A flexible Bayesian framework for modeling haplotype association with disease, allowing for dominance effects of the underlying causative variants.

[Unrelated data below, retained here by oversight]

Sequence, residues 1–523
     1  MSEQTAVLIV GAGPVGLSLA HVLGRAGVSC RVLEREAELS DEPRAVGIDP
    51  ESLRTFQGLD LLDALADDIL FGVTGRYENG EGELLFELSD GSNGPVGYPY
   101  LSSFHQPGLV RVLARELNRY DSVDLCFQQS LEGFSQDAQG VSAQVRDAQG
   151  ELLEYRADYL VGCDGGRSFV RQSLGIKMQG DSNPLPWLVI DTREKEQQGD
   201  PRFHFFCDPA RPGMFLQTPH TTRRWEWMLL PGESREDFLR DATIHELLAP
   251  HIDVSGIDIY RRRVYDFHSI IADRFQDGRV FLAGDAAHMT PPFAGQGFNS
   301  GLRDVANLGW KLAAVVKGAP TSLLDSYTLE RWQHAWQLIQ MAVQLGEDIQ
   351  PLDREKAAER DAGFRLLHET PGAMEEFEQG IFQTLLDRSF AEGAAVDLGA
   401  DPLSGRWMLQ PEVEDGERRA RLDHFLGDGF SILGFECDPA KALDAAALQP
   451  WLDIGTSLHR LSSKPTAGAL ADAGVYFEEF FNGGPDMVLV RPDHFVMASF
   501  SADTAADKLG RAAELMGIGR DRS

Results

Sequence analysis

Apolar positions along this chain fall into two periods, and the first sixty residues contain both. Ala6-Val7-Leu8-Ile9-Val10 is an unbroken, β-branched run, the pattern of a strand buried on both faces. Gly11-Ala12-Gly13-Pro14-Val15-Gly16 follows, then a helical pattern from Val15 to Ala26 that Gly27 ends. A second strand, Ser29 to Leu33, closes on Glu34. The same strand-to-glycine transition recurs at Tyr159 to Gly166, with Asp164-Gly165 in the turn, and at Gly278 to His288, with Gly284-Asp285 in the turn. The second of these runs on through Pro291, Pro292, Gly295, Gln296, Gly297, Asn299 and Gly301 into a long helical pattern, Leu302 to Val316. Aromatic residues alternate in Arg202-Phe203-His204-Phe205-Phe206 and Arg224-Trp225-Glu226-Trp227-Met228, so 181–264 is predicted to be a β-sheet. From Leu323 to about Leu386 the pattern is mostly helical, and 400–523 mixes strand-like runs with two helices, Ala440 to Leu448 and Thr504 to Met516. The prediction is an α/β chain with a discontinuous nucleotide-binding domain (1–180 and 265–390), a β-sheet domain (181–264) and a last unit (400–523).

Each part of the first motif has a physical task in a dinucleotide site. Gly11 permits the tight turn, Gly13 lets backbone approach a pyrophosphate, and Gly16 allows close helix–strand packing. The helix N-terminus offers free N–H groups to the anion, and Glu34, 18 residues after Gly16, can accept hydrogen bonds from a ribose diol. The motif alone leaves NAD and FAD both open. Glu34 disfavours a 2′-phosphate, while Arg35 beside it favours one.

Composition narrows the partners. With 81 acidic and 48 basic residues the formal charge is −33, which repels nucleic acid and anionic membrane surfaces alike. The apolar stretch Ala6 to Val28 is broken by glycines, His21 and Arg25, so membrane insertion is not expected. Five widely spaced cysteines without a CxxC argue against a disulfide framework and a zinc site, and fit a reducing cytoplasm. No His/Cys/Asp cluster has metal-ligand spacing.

Multilocus analysis of single-nucleotide-polymorphism (SNP) haplotypes may provide evidence of association with disease, even when the individual loci themselves do not. Haplotype-based methods are expected to outperform single-SNP analyses because (i) common genetic variation can be structured into haplotypes within blocks of strong linkage disequilibrium and (ii) the functional properties of a protein are determined by the linear sequence of amino acids corresponding to DNA variation on a haplotype. Here, I propose a flexible Bayesian framework for modeling haplotype association with disease in population-based studies of candidate genes or small candidate regions. I employ a Bayesian partition model to describe the correlation between marker-SNP haplotypes and causal variants at the underlying functional polymorphism(s). Under this model, haplotypes are clustered according to their similarity, in terms of marker-SNP allele matches, which is used as a proxy for recent shared ancestry. Haplotypes within a cluster are then assigned the same probability of carrying a causal variant at the functional polymorphism(s). In this way, I can account for the dominance effect of causal variants, here corresponding to any deviation from a multiplicative contribution to disease risk. The results of a detailed simulation study demonstrate that there is minimal cost associated with modeling these dominance effects, with substantial gains in power over haplotype-based methods that do not incorporate clustering and that assume a multiplicative model of disease risks.